Question of the Week #7 (More Like Question of the Year)

Spencer MacCuish —  June 12, 2012 — 7 Comments
This entry is part 7 of 7 in the seriesQuestion of the Week

A few weeks ago my oldest daughter was going through the annual standardized testing. This lead to an interesting conversation between a fourth grader & her dad. It went something like this:

Daughter: Dad, can you make me a good breakfast? I have to eat properly so I can do well on my test.

Dad: Why do you have to do well on your test?

Daughter: So I can get into the right programs…so I can go to a good college.

Dad: Why do you have to go to a good college?

Daughter: So I can get a good job.

Dad: Why do you need a good job?

Daughter: Dad, you don’t want me to live on the streets do you?

That interaction is loaded with all sorts of things that need to be addressed, but for today let us just focus on one simple question.

Is the purpose of education to simply get a good job? Or is the purpose of education to actually learn?

Have at it…

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Spencer MacCuish

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Spencer spent most of the 90’s as summer staff at Hume Lake Christian Camps. He also spent several years as a youth pastor in the Santa Clarita Valley, coaching volleyball, and teaching English and History in the public school system. Spencer has been involved with Eternity Bible College since its inception and is currently serving as the Dean of Students. He and his wife, Tina, have three beautiful daughters.
  • David Antonini

    Where I grew up, and in my family, and education was for education and learning. A good job was a bonus. Case in point, my mother has a degree in Physics from London University with Honours, worked in the military for a few years, but currently does bookkeeping and secretarial work (which she is obscenely organised and efficient at). I studied on and off for 5 years in Australia but degree hopped and so haven’t got a diploma, yet I seem more educated, knowledgeable, competent the than the graduates I meet here in the states, and I feel…something is wrong.

  • yvonne

    Good perspective from a teacher: a letter to her students.
    http://blog.christianitytoday.com/women/2012/03/an_open_letter_to_my_college_s.html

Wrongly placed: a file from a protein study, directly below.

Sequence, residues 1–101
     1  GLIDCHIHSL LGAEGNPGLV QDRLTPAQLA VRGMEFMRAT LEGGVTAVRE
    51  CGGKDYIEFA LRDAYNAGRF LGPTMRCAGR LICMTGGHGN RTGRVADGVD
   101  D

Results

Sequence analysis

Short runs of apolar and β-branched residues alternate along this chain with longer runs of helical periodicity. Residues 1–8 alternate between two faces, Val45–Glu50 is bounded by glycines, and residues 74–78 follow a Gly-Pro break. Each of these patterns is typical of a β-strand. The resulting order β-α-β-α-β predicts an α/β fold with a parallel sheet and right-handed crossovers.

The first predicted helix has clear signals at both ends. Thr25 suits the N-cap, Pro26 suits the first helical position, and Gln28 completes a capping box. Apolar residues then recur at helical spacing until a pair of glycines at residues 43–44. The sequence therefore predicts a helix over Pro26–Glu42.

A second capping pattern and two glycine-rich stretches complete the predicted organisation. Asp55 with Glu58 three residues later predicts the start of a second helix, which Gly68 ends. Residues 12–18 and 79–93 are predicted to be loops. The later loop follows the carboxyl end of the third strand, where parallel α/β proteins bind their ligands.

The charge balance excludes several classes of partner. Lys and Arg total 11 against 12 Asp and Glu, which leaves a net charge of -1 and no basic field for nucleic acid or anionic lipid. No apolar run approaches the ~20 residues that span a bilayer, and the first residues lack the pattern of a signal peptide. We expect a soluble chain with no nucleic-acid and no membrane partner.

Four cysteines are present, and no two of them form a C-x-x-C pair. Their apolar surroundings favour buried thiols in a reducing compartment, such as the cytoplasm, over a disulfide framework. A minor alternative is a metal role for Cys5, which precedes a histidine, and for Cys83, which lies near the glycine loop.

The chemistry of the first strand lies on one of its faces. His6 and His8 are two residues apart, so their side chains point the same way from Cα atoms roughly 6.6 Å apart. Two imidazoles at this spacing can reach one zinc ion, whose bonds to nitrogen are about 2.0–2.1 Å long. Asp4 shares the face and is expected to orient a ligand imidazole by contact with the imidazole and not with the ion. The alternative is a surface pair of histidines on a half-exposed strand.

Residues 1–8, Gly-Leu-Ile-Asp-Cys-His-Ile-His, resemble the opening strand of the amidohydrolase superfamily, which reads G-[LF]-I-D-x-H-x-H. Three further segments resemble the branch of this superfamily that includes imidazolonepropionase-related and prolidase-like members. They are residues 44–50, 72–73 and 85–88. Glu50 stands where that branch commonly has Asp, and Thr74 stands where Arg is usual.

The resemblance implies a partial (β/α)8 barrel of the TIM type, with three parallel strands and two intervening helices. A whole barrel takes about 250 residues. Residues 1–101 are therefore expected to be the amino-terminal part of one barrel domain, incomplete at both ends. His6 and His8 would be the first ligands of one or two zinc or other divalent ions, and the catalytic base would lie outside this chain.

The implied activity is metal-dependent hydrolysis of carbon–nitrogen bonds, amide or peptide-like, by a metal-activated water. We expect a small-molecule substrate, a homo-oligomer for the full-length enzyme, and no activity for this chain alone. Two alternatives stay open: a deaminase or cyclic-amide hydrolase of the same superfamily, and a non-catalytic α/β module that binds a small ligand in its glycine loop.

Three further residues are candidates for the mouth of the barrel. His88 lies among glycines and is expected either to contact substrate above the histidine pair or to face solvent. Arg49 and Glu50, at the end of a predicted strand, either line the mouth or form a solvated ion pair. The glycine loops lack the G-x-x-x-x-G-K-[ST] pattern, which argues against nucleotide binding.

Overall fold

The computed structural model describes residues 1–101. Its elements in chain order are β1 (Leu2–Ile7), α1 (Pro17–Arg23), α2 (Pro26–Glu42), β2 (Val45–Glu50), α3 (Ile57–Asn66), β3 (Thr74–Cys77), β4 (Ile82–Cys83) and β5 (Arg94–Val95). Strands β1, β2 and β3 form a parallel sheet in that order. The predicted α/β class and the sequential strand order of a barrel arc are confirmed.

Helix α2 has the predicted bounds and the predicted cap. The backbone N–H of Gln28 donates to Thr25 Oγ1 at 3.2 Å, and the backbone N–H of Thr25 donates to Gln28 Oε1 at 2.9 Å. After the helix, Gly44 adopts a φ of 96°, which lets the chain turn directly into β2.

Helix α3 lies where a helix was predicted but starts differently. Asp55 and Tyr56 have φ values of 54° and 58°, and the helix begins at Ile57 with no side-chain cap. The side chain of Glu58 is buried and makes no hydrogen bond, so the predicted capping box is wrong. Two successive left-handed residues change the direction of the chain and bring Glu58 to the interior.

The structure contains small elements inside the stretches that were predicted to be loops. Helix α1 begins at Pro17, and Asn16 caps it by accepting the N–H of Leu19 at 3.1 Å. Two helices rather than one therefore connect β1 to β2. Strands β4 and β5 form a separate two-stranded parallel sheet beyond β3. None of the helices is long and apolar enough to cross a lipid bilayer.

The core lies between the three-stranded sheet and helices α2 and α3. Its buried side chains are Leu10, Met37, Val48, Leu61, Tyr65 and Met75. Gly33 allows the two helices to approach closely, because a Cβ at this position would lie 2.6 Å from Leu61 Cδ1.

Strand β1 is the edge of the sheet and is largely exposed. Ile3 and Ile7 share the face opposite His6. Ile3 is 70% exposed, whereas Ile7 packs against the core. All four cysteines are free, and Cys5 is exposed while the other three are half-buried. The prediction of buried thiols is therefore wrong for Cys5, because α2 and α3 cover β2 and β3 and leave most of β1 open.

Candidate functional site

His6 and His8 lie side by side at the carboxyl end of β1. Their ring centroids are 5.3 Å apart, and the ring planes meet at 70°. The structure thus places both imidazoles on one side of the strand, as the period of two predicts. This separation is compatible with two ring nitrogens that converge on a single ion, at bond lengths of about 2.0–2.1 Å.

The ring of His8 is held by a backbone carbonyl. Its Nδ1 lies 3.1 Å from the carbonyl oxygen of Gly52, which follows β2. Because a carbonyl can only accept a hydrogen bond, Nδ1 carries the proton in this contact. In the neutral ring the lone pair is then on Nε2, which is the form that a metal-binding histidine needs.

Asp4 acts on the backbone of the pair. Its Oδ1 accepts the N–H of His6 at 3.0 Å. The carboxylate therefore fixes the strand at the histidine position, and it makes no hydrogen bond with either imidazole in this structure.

• Daniel Sagerman

      Spencer, while reading this article I couldn’t help but think of some of the thought provoking remarks you made in our class time together in this past semester. I don’t know if you remember but you asked us something like “If a student does the course work in such a way that would normally deserve a 92% in the class, should that student receive that grade even if that student does not apply what they in theory learned to their life?” I think that this is a profound question that MUST be considered. Difficulties clearly arise depending on the details but I do think there is some strong merit to the possible method of grading based on actual application. How that would all work out in detail I am not sure, but I certainly like the idea that students would have some sort of requirement to apply particular things to his/her own life instead of getting a grade based on theoretical understanding. Unfortunately I have personally witnessed many young people who have abandoned ‘learning’ (because they saw learning as a means to an end) in order to pursue advancement using social media and social networking.

  • David Quinn

    It seems the U.S. Secretary of Education would claim, according to a quote in this article (http://news.yahoo.com/average-price-4-university-15-percent-182256938.html), the point of a college education is for our nation “to stay competitive in the global economy”.

    Sounds like more of “missing the point”. It’s not very reassuring to know that the top education official in the country doesn’t seem to understand the purpose of education.

  • Andre

    Here’s what the marketing, sales, education, and (fill in the blank) world are taught…WIIFM – What’s In It For Me.

  • Spencer MacCuish

    Annalee,

    Wow, Rio Norte Jr. High was certainly a few years ago.

    I agree, it is certainly difficult for teacher to be the one trying to convince students that education is actually about learning and not just the career. Although, some teachers certainly need to think through this as well. It is a responsibility that needs to transcend what happens in the classroom. Other facets of society need to value education and not simply see education as some sort of means to an end.

    It is interesting that you bring up the issue, although in passing, regarding outcomes based education. I think there is a lot to be said for abandoning the grading scale & just move to a performance based matriculation/outcomes model, but that is for another time.

  • Annalee

    As a junior high teacher (Spencer, we worked together way back when!), I find it so difficult to communicate to my students that learning HAS to be an important goal. They’re so focused on the payoff, which is most immediately the grade, that they forget that the grade is supposed to indicate something about their competence/knowledge/achievement in their area of study.